But today you see me here naked standing in front of this hotel mirror.
You are someone who knew me before I was the world's collective joke
about cigars, thongs, stained dresses, when I was a girl named Monica.
I miss her much more than I miss you.
The riff about the bird is just gorgeous. Julianna's site is here. This piece is called "Monica Lewinsky Thinks of Bill Clinton While Standing Naked in Front of a Hotel Mirror."
I posted Julianna's piece on Mary Todd Lincoln last week, mostly because that poem clawed its way into my skull almost ten years ago, and will not leave. This is the great thing about art--it enables people who you do not know to touch you in ways that usually only people you know can. And that power survives even death. I have been thinking about that "I know how I will die..." riff in the Mary Todd poem for, literally, years.
I had the pleasure of exchanging a few nice notes with Julianna. It's nice to be able to tell people when, and how, they've gotten to you. All the poems in the book are written in the voices of seemingly "tragic" women. But Baggot empowers them with agency. The sadness is still there. But the taint of victimhood is gone.
It's an amazing feeling, as a dude. It's like trying on different masks.
The show, this season, with exploitative plotlines that treat racism as entertainment, is becoming harder and harder to defend.
This post reveals minor plot points for The Bachelorette Season 13 Episode 6.
A few years ago, in response to a combination of scientific studies, legal cases, and human tragedies, commentators began to question the morality of watching American football. We’d always known the sport was an especially dangerous one to play—that, indeed, is part of its brute appeal—but now there was undeniable evidence of that brutality, rendered in statistic and awful anecdote. To watch the violence play out, it became increasingly clear, was to be in some way complicit in it—to cast asilent vote, not with one’s pocketbook but with one’s attention, in favor of all that violence continuing.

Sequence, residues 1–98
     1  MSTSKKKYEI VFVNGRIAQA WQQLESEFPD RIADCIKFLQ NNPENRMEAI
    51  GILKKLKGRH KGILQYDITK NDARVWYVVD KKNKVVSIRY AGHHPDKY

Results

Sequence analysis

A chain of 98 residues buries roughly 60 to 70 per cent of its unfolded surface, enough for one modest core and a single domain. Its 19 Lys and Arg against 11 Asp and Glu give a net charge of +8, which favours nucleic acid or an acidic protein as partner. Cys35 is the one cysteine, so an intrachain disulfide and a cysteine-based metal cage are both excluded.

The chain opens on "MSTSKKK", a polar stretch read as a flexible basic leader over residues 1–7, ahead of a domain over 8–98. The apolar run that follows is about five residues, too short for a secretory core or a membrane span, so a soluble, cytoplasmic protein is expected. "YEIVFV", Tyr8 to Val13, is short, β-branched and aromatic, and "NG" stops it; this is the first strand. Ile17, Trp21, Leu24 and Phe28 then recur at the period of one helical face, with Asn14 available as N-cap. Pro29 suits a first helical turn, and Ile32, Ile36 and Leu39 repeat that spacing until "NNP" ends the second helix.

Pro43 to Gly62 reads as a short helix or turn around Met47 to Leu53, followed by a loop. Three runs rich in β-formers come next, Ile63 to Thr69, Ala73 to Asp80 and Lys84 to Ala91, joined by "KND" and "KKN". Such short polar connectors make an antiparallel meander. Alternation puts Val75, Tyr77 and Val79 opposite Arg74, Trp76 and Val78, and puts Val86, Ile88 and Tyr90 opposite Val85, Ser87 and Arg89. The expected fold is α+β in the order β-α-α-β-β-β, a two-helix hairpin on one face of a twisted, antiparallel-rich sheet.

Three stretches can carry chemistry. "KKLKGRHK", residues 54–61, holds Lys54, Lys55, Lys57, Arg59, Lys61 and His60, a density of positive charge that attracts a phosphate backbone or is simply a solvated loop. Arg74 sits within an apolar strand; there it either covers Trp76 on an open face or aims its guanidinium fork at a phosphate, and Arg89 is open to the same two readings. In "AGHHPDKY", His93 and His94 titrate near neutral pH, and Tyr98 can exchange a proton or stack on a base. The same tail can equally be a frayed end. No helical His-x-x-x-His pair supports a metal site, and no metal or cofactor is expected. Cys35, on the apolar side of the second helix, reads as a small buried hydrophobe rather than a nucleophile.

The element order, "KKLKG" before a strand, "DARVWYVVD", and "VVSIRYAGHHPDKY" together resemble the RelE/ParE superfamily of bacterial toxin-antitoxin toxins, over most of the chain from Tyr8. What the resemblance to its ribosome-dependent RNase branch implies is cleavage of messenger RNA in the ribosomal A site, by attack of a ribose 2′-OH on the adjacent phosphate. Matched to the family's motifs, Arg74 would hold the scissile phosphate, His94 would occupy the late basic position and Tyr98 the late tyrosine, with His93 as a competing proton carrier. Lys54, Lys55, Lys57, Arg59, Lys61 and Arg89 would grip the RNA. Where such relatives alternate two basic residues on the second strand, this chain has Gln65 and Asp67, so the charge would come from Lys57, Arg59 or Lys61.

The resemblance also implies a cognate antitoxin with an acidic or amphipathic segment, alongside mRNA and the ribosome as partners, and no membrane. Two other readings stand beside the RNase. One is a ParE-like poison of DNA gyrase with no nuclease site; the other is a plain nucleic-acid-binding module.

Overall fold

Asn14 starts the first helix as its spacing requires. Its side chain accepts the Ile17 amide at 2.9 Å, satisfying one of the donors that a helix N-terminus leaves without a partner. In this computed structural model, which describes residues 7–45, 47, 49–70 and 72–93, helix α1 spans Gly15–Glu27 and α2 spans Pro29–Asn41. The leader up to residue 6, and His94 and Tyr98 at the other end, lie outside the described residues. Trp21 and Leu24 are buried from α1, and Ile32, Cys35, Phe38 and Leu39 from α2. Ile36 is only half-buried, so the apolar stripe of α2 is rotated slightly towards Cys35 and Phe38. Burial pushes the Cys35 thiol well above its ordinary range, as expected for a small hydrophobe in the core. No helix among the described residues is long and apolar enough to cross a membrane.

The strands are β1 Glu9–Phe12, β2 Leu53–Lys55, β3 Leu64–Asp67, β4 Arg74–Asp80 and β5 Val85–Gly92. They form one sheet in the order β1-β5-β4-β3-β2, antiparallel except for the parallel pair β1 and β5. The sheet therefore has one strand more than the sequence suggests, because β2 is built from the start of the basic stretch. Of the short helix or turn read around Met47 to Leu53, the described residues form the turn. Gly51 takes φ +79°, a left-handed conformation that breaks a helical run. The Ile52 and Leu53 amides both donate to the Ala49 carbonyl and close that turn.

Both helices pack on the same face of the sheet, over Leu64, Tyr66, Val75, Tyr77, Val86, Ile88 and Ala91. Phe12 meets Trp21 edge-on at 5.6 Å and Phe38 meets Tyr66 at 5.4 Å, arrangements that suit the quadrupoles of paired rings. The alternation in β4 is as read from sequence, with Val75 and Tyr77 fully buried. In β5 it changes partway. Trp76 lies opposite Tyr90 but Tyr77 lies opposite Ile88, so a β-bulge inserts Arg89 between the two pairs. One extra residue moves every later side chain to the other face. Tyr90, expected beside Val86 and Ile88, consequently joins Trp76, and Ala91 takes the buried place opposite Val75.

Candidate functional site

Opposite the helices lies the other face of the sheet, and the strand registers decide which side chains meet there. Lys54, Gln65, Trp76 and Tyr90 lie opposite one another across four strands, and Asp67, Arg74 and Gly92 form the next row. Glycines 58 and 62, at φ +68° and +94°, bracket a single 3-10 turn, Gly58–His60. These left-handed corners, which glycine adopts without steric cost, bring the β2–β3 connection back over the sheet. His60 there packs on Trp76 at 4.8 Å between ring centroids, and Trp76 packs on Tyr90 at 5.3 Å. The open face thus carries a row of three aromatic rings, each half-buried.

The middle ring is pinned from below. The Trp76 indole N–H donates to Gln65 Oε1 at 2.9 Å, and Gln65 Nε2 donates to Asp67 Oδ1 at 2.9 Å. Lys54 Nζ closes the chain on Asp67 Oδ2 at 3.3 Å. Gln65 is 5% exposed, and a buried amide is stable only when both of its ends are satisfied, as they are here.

The Bachelorette, of course, depicts a sport only in the loosest sense; the show is very rarely violent in the literal sense of the term. And yet it has recently adopted the same rough outlines that football acquired a few years before: The show, always questionable, has become in its latest season more troubling than it has even been before. Recent episodes of the long-running ABC show have laid bare just how craven and exploitative its producers have become. Problems that have long been simmering in its world have come to a boil. Watching it has become harder and harder to enjoy—and, like that other blood sport, harder and harder to defend.
The U.S. must establish policies that can protect its electoral system and respond to foreign actors in real-time.
Few people in Washington now doubt that Russia tried to interfere with the 2016 presidential election. As more information about the response to that interference has been publicly disclosed, it’s become clear that key decisions were made by good people trying to do the right thing for the right reasons that nevertheless led to bad outcomes. The accounts of former FBI Director James Comey and of other government officials indicate that, in the run up to the election, their choices were influenced by the fear of appearing political—even as their actions inadvertently may have created exactly that impression.
Make no mistake—Russia will attack again. Yet right now, America hasn’t made any progress towards building a nonpartisan system that could respond to Russia—or any other foreign adversary. The United States has made no policy changes to ensure that if the exact same situation presented itself in next year’s congressional midterms or in the 2020 presidential election, its leaders wouldn’t face the same hard choices that Obama’s White House faced last summer.
Early drafts of a canonical work show how Muslims' understanding of their faith has evolved.
“What does the Koran say about…?” is perhaps the most common question my students ask me in the Islamic history courses I teach. It’s an understandable question, but they will be disappointed with the answer if they hope it will explain how Islam has been interpreted and practiced for all of history.